Economy Model Homes in Japan — Aida Sekkei

With recession inevitably comes a more competitive marketplace. The house-building industry is no exception. We’ve seen a surge in home purchases leading up to the April 1st 5 to 8 percent tax hike, with an unfortunate but foreseen slump afterward.

Housemakers in Japan have had to adapt to this changing climate. In recent days we’ve seen shockingly cheap custom homes being advertised, some as cheap as 5.55 million yen (about 47,000 US dollars at the current exchange rate). Remember here that this is a custom or order-made home, built to the client’s specifications (within certain parameters), as opposed to one that’s thrown up first and sold after.

5.55 Million yen Homes

Today we’ll be walking through the pros and cons if you will, of Aida Sekkei’s (アイダ設計) 5.55 million yen custom home scenario. I would suggest you read till the end to get the full picture.

Includes (is or uses):

* (Note that any details that are not included here but are basic essentials for a safe and functional house can be assumed included.)

– an upper size limit of 50 m2, or a tsubo-tanka (cost per tsubo; 3.3 m2) of about 364,000 yen. Quite small, but relatively cheap, looking at it from a cost per unit area.

– a contemporary wooden structural model (在来木造工法), reinforced concrete slab foundation, and glass-wool insulation for floors, walls, and ceilings (roof) that contact the exterior.

– standard electrical wiring. Wide switch plates, TV, intercom, and required smoke alarms.

– water boiler, fire-resistant exterior siding, slate roofing tiles, and 24-hour ventilation.

– window shutter for large 1st floor living room window, and low thermal emissivity (low-e) dual-pane windows for all living room windows.

– standard materials and products that are used by default, such as shoe shelf, kitchen unit (triple burner), bath unit (1 tsubo; 3.3 m2), toilet (with bidet), etc.

– a 35 year structural guarantee. This only guarantees the structure and foundation itself, and does not guarantee interior finishes or appliances of any kind.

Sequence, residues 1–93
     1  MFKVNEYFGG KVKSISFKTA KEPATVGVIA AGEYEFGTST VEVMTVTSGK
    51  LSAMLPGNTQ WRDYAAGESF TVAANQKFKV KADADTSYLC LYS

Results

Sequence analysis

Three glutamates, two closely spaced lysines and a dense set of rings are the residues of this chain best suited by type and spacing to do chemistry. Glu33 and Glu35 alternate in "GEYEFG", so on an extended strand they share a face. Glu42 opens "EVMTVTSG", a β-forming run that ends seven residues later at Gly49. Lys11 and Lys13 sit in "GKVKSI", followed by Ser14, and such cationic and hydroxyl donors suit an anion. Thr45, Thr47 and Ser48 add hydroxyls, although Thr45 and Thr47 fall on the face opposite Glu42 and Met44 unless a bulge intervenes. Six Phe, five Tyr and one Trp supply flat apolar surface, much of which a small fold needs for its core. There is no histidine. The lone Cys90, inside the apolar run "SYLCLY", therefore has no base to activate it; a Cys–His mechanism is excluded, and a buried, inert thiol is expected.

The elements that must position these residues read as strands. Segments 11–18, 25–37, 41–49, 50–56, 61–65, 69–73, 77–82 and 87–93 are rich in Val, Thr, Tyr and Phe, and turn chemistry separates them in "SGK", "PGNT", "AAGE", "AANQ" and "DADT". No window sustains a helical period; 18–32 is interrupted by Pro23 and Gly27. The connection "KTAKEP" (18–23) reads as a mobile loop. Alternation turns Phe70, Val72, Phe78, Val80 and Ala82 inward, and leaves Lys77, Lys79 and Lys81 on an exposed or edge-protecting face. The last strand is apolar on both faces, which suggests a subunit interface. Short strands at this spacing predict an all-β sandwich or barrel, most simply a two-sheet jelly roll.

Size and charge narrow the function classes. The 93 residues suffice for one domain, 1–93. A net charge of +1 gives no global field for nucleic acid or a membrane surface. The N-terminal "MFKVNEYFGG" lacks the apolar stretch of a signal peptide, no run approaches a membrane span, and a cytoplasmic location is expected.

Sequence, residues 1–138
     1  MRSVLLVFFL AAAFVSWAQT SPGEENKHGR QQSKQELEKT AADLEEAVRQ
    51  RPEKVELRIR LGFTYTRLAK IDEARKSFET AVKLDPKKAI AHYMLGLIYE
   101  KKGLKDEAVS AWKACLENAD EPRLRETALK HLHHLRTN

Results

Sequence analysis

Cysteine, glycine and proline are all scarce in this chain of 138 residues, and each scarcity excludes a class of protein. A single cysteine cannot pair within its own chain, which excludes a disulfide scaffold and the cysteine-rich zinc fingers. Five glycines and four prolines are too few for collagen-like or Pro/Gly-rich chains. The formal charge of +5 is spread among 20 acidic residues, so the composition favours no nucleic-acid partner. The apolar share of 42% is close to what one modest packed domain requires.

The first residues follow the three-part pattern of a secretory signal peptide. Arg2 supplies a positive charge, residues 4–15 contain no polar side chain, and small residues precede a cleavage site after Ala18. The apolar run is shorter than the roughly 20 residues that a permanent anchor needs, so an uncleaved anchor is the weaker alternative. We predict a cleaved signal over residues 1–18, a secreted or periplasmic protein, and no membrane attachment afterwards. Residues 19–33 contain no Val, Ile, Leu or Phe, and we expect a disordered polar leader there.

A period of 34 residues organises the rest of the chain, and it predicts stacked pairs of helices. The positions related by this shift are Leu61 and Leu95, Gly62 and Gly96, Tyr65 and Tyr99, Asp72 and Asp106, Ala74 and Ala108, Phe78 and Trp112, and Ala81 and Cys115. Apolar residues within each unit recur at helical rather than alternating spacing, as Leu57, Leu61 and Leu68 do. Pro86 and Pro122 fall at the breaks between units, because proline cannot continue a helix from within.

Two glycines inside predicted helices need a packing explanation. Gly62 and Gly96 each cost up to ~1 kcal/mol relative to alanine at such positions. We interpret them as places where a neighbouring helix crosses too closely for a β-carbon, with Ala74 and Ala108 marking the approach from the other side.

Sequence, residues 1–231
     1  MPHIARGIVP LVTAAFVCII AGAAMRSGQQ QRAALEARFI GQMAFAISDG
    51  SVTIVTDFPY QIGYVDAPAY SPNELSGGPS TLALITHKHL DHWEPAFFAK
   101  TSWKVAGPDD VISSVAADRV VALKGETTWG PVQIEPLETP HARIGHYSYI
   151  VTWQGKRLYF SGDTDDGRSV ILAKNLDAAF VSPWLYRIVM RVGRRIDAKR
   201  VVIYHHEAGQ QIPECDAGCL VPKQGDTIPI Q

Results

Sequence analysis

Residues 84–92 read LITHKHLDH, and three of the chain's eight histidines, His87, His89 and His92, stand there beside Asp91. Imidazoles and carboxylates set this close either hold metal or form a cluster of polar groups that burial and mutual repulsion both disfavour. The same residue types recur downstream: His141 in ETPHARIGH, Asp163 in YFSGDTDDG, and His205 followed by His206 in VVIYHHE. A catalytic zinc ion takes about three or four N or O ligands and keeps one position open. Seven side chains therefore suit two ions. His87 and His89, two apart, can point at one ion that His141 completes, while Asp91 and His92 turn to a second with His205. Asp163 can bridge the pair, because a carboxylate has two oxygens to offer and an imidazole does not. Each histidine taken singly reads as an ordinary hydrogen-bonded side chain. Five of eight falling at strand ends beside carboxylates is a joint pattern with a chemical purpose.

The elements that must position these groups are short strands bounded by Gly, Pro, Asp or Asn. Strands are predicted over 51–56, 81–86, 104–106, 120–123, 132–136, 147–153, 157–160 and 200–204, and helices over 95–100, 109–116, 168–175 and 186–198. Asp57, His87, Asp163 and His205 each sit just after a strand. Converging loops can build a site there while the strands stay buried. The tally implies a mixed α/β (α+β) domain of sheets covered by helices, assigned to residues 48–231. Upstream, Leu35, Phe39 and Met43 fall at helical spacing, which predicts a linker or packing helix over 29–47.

Does not Include:

– land. As you probably know, the land can easily be double, triple or even quadruple the cost of the house. The timing of the land purchase will depend on whether or not you want to match the land with the structure. Factors such as the direction of the sun, surrounding structures, road and waterworks access, and of course budget, can greatly affect your home design and layout.

– curtains, light fixtures, air conditioners, or other household electronics.

And the clincher for last. 5.55 million yen does not include shokeihi (諸経費) or “sundry expenses”, such as scaffolding, garbage disposal, construction permit fees, etc. This shokeihi can vary considerably depending on the size of the house being built and other factors, but for this size it would be about 2.24 million yen.

So provided you’re good with all the “default settings” as written above, the cost of your new home will be a more or less minimum of 5.55 million plus 2.24 million yen, totaling 7.79 million yen (about 66,000 dollars). Still, not too shabby for what they’re promising. Just keep in mind that this size is most likely only suitable for a single person or a couple with no children, and that any deviance from the default settings could easily double this number.

To put this in perspective, they say 110 m2 is the norm for a family of 4 or 5, which by this plan would amount to 5.55 million x (110/50) = 12.21 million yen. Again, still quite cheap from cost per area standpoint, but not the ridiculous 5.55 million that they have etched in your brain. In the end it’s safe to say that this particular deal is more chum than anything else. What they’re really hoping is once you’re there, for you to go ahead with their other more expensive options.

In Closing:

To close, I’m not in any way advocating this particular deal. What you have to know about the house-building industry here in Japan is that the house being built will only be as good as the sum-total of those involved in the building — from the architects to the carpenters to any construction firms or foremen in-between. If there’s a weak link anywhere along the line, you’ll have a sub-par house.

Regardless of what any housemaker or construction firm might offer or advertise, the bottom line is this: Building a good house costs money. — And quite a bit of it. Depending on the route the money takes, it may run out along the way. What this means practically, is that cheaper houses must inevitably cut corners. The chance that you as a client, can control the quality/outcome of your home in such a situation is highly unlikely.

Although Aida Sekkei as a housemaker is reasonably trustworthy — and I would trust them to (eventually) deliver the house — there are several things that you should probably expect from second tier housemakers, or an economy model home option:

– not all that prompt when it comes to specific dates certain phases of construction were scheduled to be completed, as well as keeping the initial date of completion.

– can be quite disorganized. In general, things like being able to get in contact with the foreman when you want to, timing and consistency of communication and updates on building progress, cleanliness and state of building site, etc, can be less than ideal.

– and naturally, you shouldn’t expect anything too fancy or special in terms of the aesthetics of the finished product.

Other than that, the structure itself should be sound (they do have a 35 year structural guarantee). After all, they are a fairly large housing corporation and have a long-term reputation to maintain.

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